¿Cómo se dice Polyglot? 

Meet comedian Bill Santiago, the Spanglish explorer.

Given his previous life as an award-winning journalist for newspapers such as The Washington Post, The Miami Herald, and The San Juan Star, it's not surprising that the stand-up comic Bill Santiago is obsessed with language. But you might have trouble finding the words he's been exploring lately in a standard English or Spanish dictionary. Santiago presents some of his research on Friday at La Peña in Spanglish 101: A Total Immersion Comedic Excursion into Latino USA, an evening-length piece he describes as a work in progress. As Santiago sees it, Spanglish isn't just an evolving pidgin tongue, it's "an identity, and everything that's involved with that." During a recent interview at Ben and Nick's Bar & Grill on College Avenue in Oakland, he elaborates: "There are so many issues around it. Is it the corruption of two languages? Is it a third language? A marriage of two languages?"

The up-and-coming Nuyorican comic, who has opened for Margaret Cho and shared stages with Culture Clash and Marga Gomez, recently gained attention through his appearances on Comedy Central's Premium Blend and Galavision's Que Locos. He realized the potential of Spanglish as a comedy topic last year after a college performance in Santa Barbara. "Afterwards everybody wanted to come up to me and share their Spanglish experiences, their favorite words, how it's part of their life with their parents, grandparents, or friends," he says. As part of the show's development process, Santiago invites the audience during the second half of the performance to share their favorite Spanglish words and anecdotes about growing up Latino or interacting with Latino culture.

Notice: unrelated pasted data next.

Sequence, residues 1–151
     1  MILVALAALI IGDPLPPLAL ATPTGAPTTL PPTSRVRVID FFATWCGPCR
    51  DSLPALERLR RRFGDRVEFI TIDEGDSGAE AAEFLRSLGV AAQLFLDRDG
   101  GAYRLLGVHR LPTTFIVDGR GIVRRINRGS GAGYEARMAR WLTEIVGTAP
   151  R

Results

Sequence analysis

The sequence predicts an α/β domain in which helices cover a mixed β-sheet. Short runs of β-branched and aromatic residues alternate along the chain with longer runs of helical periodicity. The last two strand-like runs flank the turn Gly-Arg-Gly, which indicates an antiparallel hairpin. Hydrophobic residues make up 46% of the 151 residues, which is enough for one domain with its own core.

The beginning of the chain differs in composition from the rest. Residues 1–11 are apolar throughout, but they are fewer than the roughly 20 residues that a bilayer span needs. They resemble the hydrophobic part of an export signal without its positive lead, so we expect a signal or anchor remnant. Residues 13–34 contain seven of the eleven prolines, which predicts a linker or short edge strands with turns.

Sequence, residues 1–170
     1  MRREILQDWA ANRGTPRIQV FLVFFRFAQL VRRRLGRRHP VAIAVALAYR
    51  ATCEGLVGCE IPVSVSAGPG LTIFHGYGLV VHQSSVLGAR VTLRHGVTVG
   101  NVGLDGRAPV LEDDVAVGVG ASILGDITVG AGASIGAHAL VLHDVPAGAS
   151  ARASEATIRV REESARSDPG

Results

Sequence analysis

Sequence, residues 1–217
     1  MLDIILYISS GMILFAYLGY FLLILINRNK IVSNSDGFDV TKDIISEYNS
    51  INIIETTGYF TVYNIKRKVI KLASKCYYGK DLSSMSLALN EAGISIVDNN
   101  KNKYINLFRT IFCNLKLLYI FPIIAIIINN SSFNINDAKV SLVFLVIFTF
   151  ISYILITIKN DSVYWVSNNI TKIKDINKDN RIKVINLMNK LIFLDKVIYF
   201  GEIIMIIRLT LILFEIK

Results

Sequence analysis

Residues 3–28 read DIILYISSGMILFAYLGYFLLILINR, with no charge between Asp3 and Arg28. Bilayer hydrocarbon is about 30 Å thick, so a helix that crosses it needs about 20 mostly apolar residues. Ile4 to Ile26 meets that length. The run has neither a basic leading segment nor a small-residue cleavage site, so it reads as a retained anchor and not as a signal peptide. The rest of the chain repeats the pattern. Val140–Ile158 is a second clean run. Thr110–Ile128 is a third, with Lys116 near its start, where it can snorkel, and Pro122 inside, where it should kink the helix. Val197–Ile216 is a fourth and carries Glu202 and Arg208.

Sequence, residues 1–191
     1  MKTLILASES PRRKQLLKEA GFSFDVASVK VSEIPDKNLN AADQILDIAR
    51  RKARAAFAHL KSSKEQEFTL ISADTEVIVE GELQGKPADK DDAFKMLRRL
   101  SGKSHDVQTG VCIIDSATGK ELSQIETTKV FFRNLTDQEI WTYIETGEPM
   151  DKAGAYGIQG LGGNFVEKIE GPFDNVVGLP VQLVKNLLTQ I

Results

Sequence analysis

Each time he performs "Spanglish," Santiago gathers more material, uncovering the regional differences between Los Angeles, New Mexico, New York City, and Miami. "It's dialect upon dialect upon dialect, this polyglot non-language called Spanglish," he says. "And when you say Latino, what are all the different groups and experiences? Mexicans are coming for specific reasons and how they get here is very different from, say, Dominicans, Puerto Ricans, and Cubans. They're all coming here under completely different circumstances and get lumped into this Latino title."

Born and raised in New York, Santiago attended film school at New York University, and dabbled in stand-up. But a job at The San Juan Star, an English-language daily, brought him to Puerto Rico, where his parents grew up. Unable to suppress his zingy one-liners, he made the move to stand-up after winning a prestigious national award for feature writing. Santiago is a captivating performer. His handsome, boyish face registers his lightning-quick emotional leaps. But he sees his writing as the key to success. As he has honed his comedic talent, Santiago has taken to dissecting classic routines by comics like George Carlin and Woody Allen, much the way jazz musicians transcribe solos by Charlie Parker and Lester Young.

"I identify with Carlin's fascination for language, the way he can take one idea and unravel it into a piece that's enduring," Santiago says. "Seinfeld is the same thing, but he does it with a little bit more of a microscope and he takes out the edge. There's no politics. It's one of the reasons for his success."

Friday at 8 p.m. at La Peña Cultural Center, 3105 Shattuck Ave., Berkeley, 510-849-2568, www.lapena.org


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